It turns out that my Usain Bolt photo was being used by a book shop in the UK to advertise the launch of the Guinness Book of Records 2010. This was being done without my knowledge, and as they pointed out, in breach of the license granted on the Olympic ticket.
The Usain Bolt photo was the only one of 293 in the set on Flickr that was licensed with a ShareAlike license (allowing commercial use) rather than a non-commercial license, and Giles had relicensed that particular photo at the request of another Flickrite so that it could be uploaded to Wikimedia Commons and used on Wikipedia. Wikipedia, which uses the image prominently, may be where that UK merchant found it.
Giles reports that the IOC may only object to licensing that allows commercial use. Depending on what the IOC says in response to his request for clarification, Giles may be changing the license on the Usain Bolt photo and asking the UK merchant to stop using it. However, it is Wikimedia Commons policy to retain photos from Flickr that were originally obtained under a free license, even if the license on Flickr is subsequently changed. Wikimedia Commons has hundreds of other photos from the Beijing Olympics by other photographers, all of which are licensed to permit commercial use.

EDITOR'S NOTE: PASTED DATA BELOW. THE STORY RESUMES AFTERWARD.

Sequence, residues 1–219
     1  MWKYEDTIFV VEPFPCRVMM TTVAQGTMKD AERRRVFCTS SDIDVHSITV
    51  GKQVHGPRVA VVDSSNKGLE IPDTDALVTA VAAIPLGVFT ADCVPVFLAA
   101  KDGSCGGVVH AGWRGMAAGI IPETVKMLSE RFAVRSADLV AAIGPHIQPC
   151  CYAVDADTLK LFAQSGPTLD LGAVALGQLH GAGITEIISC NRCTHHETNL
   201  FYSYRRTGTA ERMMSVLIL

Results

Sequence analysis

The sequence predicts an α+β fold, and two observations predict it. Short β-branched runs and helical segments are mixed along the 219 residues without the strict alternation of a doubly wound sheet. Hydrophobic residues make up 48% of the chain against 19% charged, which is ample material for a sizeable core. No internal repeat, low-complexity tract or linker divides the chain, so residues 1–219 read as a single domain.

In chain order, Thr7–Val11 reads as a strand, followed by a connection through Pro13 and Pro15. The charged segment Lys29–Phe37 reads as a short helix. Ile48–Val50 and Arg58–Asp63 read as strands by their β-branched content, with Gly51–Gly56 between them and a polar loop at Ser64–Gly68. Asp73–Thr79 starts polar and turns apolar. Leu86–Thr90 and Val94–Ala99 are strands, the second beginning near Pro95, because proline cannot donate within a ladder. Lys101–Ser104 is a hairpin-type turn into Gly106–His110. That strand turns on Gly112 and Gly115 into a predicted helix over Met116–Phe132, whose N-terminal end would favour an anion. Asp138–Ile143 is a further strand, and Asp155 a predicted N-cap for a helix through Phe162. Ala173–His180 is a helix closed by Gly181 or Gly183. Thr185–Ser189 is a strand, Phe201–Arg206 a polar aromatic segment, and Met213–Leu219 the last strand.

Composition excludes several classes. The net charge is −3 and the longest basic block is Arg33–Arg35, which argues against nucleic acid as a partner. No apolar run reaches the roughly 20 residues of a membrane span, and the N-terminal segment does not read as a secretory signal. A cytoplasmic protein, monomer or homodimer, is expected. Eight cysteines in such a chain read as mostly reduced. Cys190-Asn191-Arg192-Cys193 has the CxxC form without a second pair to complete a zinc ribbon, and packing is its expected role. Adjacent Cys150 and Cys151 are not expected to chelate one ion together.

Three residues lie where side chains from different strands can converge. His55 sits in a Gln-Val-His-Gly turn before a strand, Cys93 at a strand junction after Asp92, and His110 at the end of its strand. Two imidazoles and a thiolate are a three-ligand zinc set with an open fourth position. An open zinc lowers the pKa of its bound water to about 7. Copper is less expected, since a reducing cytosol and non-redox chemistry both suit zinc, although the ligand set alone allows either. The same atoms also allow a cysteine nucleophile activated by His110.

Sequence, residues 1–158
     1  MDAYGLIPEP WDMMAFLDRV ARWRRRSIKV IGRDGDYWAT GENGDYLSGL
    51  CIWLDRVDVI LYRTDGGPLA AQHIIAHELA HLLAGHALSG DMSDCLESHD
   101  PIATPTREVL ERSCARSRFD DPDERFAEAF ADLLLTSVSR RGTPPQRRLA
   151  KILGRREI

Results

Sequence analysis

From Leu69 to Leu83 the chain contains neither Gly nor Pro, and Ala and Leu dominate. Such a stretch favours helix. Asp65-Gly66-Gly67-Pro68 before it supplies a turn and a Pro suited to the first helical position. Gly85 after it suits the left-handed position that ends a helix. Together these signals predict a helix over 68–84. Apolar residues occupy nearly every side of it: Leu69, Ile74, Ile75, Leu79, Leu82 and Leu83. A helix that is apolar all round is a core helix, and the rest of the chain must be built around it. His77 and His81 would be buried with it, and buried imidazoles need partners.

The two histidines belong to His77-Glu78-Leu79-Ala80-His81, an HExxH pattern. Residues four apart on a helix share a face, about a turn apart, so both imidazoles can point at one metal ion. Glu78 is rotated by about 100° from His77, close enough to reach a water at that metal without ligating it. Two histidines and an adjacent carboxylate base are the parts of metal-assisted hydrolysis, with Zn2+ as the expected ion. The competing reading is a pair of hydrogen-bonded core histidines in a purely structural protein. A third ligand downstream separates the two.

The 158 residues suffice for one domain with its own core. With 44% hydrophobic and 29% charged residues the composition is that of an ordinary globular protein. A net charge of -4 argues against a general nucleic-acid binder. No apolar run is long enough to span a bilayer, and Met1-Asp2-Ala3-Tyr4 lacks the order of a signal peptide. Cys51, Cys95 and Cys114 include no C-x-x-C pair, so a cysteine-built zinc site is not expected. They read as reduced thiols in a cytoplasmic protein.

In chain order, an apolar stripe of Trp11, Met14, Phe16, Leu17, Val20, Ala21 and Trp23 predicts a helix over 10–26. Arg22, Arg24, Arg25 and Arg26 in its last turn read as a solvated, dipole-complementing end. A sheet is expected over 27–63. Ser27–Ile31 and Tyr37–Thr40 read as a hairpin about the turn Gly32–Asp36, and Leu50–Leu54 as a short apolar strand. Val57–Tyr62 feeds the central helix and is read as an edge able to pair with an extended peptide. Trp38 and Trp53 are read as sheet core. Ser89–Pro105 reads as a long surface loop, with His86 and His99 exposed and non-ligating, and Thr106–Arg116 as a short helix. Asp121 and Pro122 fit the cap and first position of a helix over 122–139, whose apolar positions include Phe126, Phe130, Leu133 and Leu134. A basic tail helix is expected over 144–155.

Conservapedia has launched the "Conservapedia Bible project," a project to translate the Bible to correct for perceived liberal bias in existing translations. A wide variety of news sources picked up on the story, including the Globe and Mail and the Huffington Post.
The Green Tea II oriental restaurant in Framingham, Massachusetts once offered Wikipedia-flavored beef brisket as seen on page 4, item #C14 of their menu[dead link]. The Telegraph's recent story was tempered with sad news that the restaurant has closed.